Contemporary Art at Amalienborg
Sketches for interior art in Frederik VIII’s Palace
Until February 26 2017
The new art on the walls and ceilings of Frederik VIII’s Palace was created when the building, which is part of the Amalienborg complex, was restored and modernised from 2004 to 2010. Today the palace is the Crown Prince Couple’s residence and also hosts a range of administrative and representative functions. The artists Kaspar Bonnén, Jesper Christiansen, Olafur Eliasson, Erik A. Frandsen, Eske Kath, John Kørner, Morten Schelde, Tal R and Kathrine Ærtebjerg have created works for selected rooms within the palace itself, mostly rooms that serve official or ceremonial functions. Signe Guttormsen designed the pattern for the paving on the roof terrace. All artworks were created in close cooperation with the Crown Prince Couple and funded by Realdania. The palace was open to the general public from February to August 2010. That same year KØS acquired the artists’ sketches and models for their contributions.
This project is one of the most remarkable artistic endeavours seen in castles in recent history. Here, pre-eminent contemporary artists were invited to create art that was integrated in the building itself – taking their starting point in their own practice while responding to a very distinctive historical, cultural and architectural context. The exterior architectural setting for the artists’ work was Nicolai Eigtved’s original Rococo mansion built in 1750-60, while the interior had been remodelled in 1827-28 to a late Empire-style design by Jørgen Hansen Koch.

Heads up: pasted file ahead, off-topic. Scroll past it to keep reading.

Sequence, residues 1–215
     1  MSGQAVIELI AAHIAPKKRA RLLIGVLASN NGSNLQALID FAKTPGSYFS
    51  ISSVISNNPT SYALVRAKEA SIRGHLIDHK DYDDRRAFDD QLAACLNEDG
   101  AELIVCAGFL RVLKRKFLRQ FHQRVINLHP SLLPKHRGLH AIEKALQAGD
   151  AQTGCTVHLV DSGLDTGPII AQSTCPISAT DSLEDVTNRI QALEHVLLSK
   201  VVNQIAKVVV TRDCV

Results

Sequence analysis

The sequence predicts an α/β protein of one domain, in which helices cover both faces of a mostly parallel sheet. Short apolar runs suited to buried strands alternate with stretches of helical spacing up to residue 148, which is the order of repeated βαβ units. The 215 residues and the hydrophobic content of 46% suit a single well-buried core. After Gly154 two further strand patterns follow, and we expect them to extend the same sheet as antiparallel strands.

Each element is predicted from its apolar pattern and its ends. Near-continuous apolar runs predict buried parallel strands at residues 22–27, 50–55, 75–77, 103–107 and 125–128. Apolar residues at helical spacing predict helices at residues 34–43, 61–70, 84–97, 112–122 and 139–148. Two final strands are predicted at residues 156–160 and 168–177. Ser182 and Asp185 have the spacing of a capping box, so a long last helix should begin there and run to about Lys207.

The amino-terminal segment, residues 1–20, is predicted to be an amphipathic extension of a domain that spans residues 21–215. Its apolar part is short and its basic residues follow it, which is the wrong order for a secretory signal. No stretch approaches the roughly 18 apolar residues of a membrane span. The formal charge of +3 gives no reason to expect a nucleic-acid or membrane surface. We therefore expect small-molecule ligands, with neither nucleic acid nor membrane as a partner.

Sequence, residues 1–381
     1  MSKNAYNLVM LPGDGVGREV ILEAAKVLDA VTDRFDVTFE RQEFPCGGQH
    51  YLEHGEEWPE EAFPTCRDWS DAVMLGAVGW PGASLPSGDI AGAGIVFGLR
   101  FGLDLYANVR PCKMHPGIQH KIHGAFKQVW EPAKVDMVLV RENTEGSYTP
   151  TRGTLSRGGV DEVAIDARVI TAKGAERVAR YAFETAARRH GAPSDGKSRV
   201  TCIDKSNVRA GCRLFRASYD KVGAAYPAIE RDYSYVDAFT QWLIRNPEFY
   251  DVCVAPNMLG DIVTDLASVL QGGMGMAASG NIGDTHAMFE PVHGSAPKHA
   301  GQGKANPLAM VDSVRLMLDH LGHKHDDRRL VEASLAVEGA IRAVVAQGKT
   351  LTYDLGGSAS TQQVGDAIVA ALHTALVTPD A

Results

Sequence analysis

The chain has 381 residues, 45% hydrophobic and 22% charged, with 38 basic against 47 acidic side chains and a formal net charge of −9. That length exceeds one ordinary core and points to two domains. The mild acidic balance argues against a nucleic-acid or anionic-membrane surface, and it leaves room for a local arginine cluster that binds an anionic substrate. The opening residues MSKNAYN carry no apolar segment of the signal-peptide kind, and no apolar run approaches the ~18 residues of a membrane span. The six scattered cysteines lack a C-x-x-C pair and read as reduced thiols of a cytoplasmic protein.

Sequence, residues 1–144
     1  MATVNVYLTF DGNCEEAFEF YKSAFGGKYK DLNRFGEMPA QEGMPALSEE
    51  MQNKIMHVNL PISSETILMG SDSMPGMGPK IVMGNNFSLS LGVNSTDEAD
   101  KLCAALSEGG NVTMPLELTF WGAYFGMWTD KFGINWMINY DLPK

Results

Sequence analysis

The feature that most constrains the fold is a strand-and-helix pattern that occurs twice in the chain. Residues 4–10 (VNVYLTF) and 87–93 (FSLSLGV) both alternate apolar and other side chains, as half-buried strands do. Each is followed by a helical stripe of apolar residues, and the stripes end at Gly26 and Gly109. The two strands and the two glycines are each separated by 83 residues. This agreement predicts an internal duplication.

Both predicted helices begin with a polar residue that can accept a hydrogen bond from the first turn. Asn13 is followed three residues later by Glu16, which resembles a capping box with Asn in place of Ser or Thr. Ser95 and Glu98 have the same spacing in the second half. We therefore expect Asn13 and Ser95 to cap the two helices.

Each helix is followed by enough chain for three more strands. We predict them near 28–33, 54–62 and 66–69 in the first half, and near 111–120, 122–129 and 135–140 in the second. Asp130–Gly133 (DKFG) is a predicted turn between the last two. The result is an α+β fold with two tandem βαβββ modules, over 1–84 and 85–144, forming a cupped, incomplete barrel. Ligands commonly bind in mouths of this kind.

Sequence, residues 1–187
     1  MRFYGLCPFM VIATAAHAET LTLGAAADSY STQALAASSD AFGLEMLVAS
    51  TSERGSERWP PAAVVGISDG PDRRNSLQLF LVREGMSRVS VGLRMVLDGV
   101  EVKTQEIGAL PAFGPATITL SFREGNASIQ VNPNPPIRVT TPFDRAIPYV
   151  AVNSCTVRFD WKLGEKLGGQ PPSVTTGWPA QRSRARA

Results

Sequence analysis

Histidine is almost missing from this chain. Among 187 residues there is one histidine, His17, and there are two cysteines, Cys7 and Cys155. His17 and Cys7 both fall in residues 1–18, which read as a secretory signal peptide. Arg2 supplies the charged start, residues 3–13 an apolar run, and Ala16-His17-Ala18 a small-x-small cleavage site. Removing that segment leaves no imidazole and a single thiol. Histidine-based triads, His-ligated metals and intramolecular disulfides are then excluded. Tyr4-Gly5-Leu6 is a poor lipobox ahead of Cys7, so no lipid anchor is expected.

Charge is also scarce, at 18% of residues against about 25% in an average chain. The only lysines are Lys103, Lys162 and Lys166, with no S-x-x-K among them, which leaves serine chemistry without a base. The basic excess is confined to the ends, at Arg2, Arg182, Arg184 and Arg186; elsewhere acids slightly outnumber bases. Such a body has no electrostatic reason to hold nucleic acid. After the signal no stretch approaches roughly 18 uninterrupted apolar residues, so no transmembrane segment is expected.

This art project continues a historic tradition for close interaction between art and architecture in palace interiors. Here, however, the task was to be solved by artists from our own era, integrating their art into architecture from another period. How did they go about this task, and how did they relate to the tradition they entered into? KØS wanted to explore this by pointing to historic parallels to the present-day art project in Frederik VIII’s Palace. To this end, the museum invited The Museum of National History Frederiksborg Castle to contribute a text about the long-standing tradition for art in castles. The resulting text offers new perspectives on the present-day artists’ work at the Crown Prince Couple’s residence, reflecting the Museum of National History’s expert insights into art and applied arts in historic castles.
As a museum for art in public spaces, KØS has an obligation to document and present the significant art projects undertaken within the field. This is particularly true of art created for historic buildings that feel like they are part of every Danish citizen’s cultural heritage – as is the case with Frederik VIII’s Palace, not least due to its status as a home to the nation’s royal family. With this exhibition, KØS wishes to offer insight into the process that preceded the ambitious art project, focusing on the artists’ predecessors within a very unique genre: the artistic decoration of castles.